A second way a judgment of non pros may come before this court is on appeal from an order denying a petition to open the judgment. There the plaintiff has not complied with an order. The order may have originated with the defendant, as where the defendant rules the plaintiff to file a complaint within 20 days or suffer judgment of non pros; or the order may have originated with the court, as where the court orders the plaintiff to answer interrogatories within a stated period or suffer judgment of non pros. In either situation, what happens is that the plaintiff does not comply with the order, judgment is entered, the plaintiff files a petition to open the judgment, the lower court denies the petition, and the plaintiff appeals to this court. Thorn v. Clearfield Borough, 420 Pa. 584, 218 A.2d 298 (1966) (failure to file a complaint), is one example; Boyles v. Sullivan, 230 Pa. Super. 453, 326 A.2d 440 (1973) (failure to answer interrogatories), is another.
Judge HOFFMAN states in his concurring opinion that we are to apply different rules, according to which way the judgment of non pros comes before us. If it comes before us in the first way — on appeal from the judgment — we are to look to see whether the defendant has suffered prejudice, but if in the second way — on appeal from denial of petition to open — we are not to concern ourselves with prejudice. The reason for this difference, he suggests, is that in the first way, "[p]rejudice is a prerequisite to securing a judgment of non pros . . . .", whereas in the second way, "the judgment of non pros was entered as a sanction. . . ." 244 Pa.Super. at ___, 366 A.2d at 928.
I am not persuaded that there are these two different rules. The essence of a sanction is that it is punishment. In considering whether to inflict punishment, one always asks what harm has been done, which is simply another way of saying, one asks what prejudice the other party has suffered. Not to ask this question would lead to an anomalous result. Suppose D-1 has obtained judgment of non pros after ruling P-1 to file a complaint. Further suppose that D-2 has obtained his judgment of non pros, because, after he has waited for years for P-2 to move the case to trial, he has petitioned for the judgment. Why should it be easier for D-1 to hold onto his judgment, because whether he has been prejudiced is immaterial? D-1 is no more meritorious than D-2; or, to state the matter conversely, P-1 is no more a wrongdoer than P-2 (he may be less a wrongdoer). D-1 and D-2 simply happen to be in different procedural situations, not because of any difference in merit but only because P-1 did not file a complaint, while P-2 did. Nothing should turn on such happenstance. Cf. Gordon-Stuart Ltd. v. Allen Shops, Inc., 239 Pa. Super. 35, 361 A.2d 770 (1976)  ("no viable distinction exists" between the two different sorts of judgment of non pros).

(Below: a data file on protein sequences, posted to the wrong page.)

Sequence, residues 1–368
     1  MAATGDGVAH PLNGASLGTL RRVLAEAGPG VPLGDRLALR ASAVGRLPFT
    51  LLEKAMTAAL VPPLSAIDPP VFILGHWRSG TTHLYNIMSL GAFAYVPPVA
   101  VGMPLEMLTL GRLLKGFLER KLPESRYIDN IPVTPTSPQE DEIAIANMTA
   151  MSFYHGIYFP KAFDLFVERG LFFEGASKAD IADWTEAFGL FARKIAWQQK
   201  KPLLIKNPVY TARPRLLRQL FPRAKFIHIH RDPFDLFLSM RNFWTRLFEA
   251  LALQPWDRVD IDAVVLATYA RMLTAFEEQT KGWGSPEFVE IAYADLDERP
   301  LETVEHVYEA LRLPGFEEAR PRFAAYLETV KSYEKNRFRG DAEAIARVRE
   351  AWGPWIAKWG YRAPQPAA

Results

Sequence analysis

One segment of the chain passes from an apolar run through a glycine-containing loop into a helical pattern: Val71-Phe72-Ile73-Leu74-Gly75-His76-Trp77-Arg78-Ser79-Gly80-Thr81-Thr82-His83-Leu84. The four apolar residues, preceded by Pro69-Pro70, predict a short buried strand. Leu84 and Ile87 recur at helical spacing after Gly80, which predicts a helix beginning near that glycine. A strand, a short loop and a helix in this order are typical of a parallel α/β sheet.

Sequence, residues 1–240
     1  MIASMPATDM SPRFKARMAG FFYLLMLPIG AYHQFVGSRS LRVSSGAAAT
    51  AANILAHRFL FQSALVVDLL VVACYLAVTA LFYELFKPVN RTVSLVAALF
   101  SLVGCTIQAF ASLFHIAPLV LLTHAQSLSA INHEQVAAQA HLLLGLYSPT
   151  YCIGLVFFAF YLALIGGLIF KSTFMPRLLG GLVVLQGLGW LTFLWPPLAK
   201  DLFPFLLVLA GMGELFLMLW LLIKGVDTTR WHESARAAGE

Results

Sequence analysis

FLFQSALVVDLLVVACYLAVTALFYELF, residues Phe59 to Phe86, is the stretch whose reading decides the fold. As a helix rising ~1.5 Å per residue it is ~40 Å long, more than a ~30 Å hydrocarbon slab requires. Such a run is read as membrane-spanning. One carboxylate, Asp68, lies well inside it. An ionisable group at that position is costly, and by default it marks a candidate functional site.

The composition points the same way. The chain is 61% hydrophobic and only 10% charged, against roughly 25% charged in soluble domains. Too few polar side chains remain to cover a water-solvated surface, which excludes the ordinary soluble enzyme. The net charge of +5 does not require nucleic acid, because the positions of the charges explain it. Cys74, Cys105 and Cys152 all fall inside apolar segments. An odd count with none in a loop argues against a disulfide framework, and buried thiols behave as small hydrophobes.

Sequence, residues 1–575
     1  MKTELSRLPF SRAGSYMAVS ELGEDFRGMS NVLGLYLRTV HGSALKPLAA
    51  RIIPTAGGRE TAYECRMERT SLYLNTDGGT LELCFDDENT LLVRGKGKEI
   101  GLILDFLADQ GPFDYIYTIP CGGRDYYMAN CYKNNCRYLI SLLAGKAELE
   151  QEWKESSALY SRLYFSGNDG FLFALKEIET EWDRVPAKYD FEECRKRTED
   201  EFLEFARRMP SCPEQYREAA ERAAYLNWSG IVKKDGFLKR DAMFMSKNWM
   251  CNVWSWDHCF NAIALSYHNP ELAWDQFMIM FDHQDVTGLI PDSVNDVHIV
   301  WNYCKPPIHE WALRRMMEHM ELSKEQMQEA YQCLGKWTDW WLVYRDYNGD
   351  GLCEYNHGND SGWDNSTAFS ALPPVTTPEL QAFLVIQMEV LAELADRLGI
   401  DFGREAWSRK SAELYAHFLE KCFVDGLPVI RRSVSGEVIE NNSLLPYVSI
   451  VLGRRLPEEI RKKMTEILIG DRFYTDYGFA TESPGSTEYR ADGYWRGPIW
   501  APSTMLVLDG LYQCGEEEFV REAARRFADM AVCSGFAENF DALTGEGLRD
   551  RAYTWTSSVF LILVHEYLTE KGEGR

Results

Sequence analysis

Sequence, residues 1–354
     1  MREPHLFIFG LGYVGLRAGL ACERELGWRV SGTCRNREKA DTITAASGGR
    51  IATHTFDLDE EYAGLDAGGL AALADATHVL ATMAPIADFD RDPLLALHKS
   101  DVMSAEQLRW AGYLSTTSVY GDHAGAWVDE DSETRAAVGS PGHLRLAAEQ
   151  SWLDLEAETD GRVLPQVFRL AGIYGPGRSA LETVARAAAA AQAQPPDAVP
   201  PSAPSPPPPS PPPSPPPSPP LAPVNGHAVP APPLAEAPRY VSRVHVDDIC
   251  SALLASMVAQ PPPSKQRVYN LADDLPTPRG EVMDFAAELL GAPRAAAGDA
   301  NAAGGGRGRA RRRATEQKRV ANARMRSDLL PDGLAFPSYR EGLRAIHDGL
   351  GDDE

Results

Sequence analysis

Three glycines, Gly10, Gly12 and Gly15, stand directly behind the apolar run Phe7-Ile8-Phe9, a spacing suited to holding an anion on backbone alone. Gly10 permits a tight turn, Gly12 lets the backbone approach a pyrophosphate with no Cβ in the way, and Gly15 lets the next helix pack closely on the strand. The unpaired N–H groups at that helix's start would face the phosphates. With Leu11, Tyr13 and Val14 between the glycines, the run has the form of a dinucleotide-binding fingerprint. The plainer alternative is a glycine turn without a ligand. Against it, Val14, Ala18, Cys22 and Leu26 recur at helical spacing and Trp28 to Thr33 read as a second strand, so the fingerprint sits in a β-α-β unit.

The true principle, I suggest, is that in any case involving a judgment of non pros, whatever the procedure that preceded the judgment, the decision whether to let the judgment stand should be made according to general principles of equity. This conclusion, moreover, is supported by the cases, when they are closely read. While it is true that cases such as Thorn v. Clearfield Borough, supra, and Boyles v. Sullivan, supra, do not say that prejudice is a relevant factor, neither do they say, as Judge Hoffman's opinion does, that "prejudice is not a relevant factor." They simply do not mention prejudice at all. However, the principle applied is that "[a] petition to open a judgment is an appeal to the equitable side of the court, and the petition must establish equitable considerations which convince the court that the parties could best be served by the striking of the judgment." Thorn v. Clearfield Borough, supra at 585, 218 A.2d at 298. In "establish[ing] equitable considerations," it is always necessary to ask what prejudice the other party has suffered. Thorn, in fact, is somewhat similar to the present case, for it involved an attorney whose ability to perform his professional duties was diminished by poor health and consequent mental distress.
Accordingly, I think the majority has correctly looked to see if there is prejudice. My disagreement is with the majority's statement that it "cannot ignore the implicit prejudice visited upon the appellants" by opening the judgment. I do not know what "implicit prejudice" means. If it refers to delay, it is not convincing; delay generally helps a defendant. In any event, the lower court "note[d] that the [appellants] have not produced any evidence which would show that they have been prejudiced in any manner by this delay." In these circumstances, I would remand for further proceedings. If appellants can show prejudice, very well; but if they cannot, I think the balance of equitable considerations tips in appellees' favor — at least, I would find no abuse of discretion on the part of the lower court in so concluding — and I would allow the order granting the petition to open to stand.
PRICE, J., joins in this opinion.